Priscilla Masters, author of the Joanna Piercy and Martha Gunn mystery series, has many strings to her bow – or perhaps we should say harp. With a background in nursing and a hand in the antique market, Priscilla uses her breadth of
experience to inform her fiction; in particular her main characters Martha Gunn, coroner, and DI Joanna Piercy.
To mark the release of her latest Martha Gunn mystery, Recalled to Death, we talked to Priscilla and uncovered some facts that you probably didn’t know about the talented Ms Masters.
Did you know…?
- “I used to play the harp. In fact I still have my harp, though not tuned to concert pitch as the pull on the ancient sounding board would probably cause it to explode – the demise of many nineteenth century harps.”
- “From the age of seven to sixteen I lived in the garden of my parents’ house in a wooden Roman gypsy caravan.”
- “Since retiring from nursing my Saturday job is working in my husband’s antiques shop in Leek, Staffordshire (the setting for my DI Joanna Piercy books).”
- “I am the third of seven multi-racial children adopted by an orthopaedic surgeon and his Classics graduate wife.”
Books I shall never get rid of:
- A Tale of Two Cities by Charles Dickens.
- Priscilla’s Caravan by C.H. Abrahall (published in 1939), bought in a second hand book shop in Shrewsbury when I was three years old and the inspiration for an indulgent father’s purchase and the above decampment from house to caravan a few years later.
- The Great Gatsby by F.Scott Fitzgerald. (No need for introduction.)
- And a copy of The Six Wives of Henry VIII signed by Antonia Fraser.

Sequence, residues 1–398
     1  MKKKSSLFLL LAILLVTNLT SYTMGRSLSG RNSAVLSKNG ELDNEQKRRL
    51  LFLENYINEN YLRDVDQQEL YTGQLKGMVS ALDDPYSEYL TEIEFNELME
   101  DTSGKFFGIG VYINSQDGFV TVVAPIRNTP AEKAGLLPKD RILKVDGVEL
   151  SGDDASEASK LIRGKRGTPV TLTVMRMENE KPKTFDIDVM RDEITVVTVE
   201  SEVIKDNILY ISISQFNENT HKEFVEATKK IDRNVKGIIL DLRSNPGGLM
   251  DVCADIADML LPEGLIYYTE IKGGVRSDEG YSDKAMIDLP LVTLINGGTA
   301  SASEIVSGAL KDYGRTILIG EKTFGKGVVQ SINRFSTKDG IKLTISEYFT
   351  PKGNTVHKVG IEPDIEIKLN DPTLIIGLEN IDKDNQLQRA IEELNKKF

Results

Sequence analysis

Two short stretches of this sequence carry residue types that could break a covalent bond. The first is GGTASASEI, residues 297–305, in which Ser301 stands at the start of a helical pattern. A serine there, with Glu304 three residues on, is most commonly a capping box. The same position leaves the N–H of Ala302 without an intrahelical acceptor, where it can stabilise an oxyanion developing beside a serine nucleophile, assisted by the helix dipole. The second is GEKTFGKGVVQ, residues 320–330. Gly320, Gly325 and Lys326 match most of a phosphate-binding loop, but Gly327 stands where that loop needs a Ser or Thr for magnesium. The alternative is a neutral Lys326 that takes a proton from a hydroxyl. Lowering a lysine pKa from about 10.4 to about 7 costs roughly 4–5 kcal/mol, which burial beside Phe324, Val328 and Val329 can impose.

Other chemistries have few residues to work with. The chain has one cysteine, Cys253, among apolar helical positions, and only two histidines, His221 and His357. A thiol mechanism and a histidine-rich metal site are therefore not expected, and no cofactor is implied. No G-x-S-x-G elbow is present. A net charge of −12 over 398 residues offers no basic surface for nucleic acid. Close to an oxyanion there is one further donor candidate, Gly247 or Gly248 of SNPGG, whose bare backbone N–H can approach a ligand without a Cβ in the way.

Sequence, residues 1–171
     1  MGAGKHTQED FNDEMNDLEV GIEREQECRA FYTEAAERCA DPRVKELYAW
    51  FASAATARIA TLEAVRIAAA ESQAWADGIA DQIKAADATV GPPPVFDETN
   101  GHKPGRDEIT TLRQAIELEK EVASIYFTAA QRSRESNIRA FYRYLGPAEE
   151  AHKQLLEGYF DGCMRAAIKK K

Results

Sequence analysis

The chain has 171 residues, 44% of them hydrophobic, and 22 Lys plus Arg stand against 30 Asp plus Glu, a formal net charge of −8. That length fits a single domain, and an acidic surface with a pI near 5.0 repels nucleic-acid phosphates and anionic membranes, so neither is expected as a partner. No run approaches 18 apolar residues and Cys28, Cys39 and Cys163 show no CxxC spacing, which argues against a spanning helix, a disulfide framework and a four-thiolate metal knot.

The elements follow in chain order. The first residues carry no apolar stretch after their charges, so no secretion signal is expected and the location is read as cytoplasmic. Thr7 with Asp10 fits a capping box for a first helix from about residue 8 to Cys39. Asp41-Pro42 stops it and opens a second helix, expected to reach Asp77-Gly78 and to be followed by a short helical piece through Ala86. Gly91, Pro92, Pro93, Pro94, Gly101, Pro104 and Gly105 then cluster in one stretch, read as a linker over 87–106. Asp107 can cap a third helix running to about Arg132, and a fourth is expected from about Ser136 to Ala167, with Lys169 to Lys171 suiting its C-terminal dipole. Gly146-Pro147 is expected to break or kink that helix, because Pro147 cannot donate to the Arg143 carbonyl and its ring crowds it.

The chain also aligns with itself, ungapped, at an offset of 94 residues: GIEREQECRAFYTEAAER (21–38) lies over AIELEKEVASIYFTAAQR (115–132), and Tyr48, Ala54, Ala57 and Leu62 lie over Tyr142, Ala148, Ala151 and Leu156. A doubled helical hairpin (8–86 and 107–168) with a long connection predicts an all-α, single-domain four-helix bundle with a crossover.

One of the films I can watch again and again is The Painted Veil (2006), an adaptation of a novel by Somerset Maughan, starring Edward Norton and Naomi Watts. It is the story of an ill-fated marriage between a social butterfly and a bacteriologist who works in China dealing with a cholera epidemic. It reminds me of the time my husband and I spent doing voluntary work in Lesotho, and the isolation and romance of working in such a foreign environment.
Priscilla’s latest book, Recalled to Death, is the story of a homeless man who is found murdered and Martha Gunn’s journey to uncover his identity.
On Recalled to Death, Priscilla says:
“This is the sixth case for coroner Martha Gunn to become involved in, a widow with teenage twins, Sam and Sukey. I like the role of a coroner who is usually in a position to give the dead an identity, dignity and personality. In this case, it’s hard to do. Our homeless man is anonymous. Coroners are in a position to make social comment, even as far as suggesting change in legislation (seat belts, fireproof nightdresses, the ban on celluloid dolls and so on). As such the role of coroner or crowner, which dates from the 11th century, is a socially important one.”